Priming the Pump:
How TRS-80 Enthusiasts Helped Spark the PC Revolution
...full of memorable details and names... For those of us
who got hooked on the
software thing at an impressionable age, this is exciting stuff. And Theresa
is a fine writer. The story moves along briskly ...there's an innocence
and earnestness and honesty in the book that makes you willing to let them
tell their story in their way. ”
Michael Swaine, Dr. Dobbs Journal, August 2007
As one of the co-creators, I know the history of the TRS-80. This is
the most accurate history of this "Industry Creating Machine" out there.
Even knowing the history, it was enjoyable to fill in the holes related to
some of the other players. ...A fun read for those that lived the revolution
and those who want to know why we have personal computers today. ”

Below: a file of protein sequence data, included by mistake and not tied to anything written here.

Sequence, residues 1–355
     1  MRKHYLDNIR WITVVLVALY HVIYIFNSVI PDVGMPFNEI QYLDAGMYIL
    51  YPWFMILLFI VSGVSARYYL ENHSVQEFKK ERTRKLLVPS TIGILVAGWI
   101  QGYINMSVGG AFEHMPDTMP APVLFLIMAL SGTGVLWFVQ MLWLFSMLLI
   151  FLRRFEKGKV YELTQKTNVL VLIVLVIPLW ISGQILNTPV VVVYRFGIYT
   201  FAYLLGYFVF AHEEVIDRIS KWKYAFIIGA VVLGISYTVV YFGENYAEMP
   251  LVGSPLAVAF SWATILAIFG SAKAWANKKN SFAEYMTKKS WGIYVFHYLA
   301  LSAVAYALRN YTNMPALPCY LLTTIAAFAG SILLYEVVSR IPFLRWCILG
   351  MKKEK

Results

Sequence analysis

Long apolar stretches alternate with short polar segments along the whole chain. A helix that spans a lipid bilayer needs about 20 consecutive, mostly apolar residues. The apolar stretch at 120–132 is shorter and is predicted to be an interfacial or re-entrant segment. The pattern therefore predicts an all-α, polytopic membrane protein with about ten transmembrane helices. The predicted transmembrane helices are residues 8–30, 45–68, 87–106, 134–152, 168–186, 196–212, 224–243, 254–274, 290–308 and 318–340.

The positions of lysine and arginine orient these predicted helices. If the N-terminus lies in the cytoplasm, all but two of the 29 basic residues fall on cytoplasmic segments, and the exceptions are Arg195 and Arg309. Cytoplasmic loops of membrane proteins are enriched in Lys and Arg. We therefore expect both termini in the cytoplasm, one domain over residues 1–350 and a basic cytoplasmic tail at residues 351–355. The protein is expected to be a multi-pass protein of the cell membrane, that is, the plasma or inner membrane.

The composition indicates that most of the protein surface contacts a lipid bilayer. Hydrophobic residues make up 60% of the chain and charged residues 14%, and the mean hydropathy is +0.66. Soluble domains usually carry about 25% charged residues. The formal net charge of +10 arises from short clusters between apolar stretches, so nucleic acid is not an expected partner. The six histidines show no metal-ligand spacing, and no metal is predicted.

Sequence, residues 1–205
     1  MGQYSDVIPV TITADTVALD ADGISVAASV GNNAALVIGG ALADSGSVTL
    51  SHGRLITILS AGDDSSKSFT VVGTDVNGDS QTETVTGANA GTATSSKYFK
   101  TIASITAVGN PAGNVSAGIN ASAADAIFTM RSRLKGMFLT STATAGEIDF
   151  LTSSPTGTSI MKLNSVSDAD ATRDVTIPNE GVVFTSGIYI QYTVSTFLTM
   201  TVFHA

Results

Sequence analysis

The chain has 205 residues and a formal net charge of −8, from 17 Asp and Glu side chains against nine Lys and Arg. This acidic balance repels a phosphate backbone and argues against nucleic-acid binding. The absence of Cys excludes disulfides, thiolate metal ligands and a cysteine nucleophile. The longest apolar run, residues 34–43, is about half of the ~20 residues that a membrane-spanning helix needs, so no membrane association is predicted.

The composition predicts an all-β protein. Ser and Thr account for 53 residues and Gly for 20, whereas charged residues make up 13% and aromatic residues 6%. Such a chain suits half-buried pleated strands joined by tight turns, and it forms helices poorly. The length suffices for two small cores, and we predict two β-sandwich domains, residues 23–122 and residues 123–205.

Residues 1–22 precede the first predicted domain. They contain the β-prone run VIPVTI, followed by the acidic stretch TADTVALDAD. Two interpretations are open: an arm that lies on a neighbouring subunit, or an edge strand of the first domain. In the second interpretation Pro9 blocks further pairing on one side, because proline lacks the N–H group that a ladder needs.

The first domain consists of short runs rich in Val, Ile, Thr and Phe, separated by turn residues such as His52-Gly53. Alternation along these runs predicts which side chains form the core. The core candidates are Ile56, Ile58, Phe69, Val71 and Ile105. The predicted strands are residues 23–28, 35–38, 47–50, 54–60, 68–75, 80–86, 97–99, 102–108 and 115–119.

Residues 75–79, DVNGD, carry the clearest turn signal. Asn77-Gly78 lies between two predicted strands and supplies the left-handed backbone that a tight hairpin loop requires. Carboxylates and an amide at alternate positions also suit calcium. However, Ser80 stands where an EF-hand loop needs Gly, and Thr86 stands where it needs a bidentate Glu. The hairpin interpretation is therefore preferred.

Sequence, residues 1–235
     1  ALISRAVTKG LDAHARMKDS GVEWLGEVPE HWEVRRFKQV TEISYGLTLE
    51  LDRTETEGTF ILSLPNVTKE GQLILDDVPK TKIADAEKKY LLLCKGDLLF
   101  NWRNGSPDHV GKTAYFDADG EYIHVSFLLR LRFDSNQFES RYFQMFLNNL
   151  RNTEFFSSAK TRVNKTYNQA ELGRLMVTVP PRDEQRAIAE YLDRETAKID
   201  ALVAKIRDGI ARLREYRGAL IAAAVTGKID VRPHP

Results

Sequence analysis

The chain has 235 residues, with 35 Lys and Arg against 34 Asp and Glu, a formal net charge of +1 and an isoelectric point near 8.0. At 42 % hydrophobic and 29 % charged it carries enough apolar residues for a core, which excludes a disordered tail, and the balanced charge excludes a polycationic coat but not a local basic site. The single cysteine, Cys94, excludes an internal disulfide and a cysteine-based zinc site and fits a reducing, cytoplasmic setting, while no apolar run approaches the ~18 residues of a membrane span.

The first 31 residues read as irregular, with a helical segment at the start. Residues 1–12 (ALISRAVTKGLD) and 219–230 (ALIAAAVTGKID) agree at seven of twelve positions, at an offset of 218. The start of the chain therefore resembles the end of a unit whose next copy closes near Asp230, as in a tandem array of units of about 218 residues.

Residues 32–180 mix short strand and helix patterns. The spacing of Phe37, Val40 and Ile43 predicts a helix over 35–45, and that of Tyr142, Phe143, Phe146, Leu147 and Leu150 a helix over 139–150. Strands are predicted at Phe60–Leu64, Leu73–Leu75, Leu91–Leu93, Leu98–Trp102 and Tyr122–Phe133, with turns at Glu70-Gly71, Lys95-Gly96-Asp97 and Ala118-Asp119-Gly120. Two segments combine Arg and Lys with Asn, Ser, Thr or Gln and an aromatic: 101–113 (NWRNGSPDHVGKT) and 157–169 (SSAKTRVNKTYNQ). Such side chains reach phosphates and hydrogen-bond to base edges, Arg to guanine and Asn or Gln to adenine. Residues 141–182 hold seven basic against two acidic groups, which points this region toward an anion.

Don French, co-creator of the TRS-80 (from a review at amazon.com)
Put briefly, David & Theresa Welsh's book is exactly how I remember the glory days of 8-bit microcomputers. For those who weren't there, these "Wonder Years" of personal computing were a hobbyist renaissance of Edisonian proportions, full of wonder and small-community values, laced with inventiveness and packed with more than a bit of 60's idealism. ”
By D. Hodgson
Whether you were involved with the TRS-80 at the time or you are just
curious about what it was really like back then, Priming the Pump
tells a very good story. In my opinion, it fills an important gap in
the story of early microcomputers and is a must-have book...
Matthew Reed, creator of www.trs-80.org
(click here to read the
I want to thank David and (Theresa) for writing the
book "Priming the Pump." I finished it a few days ago and the story has been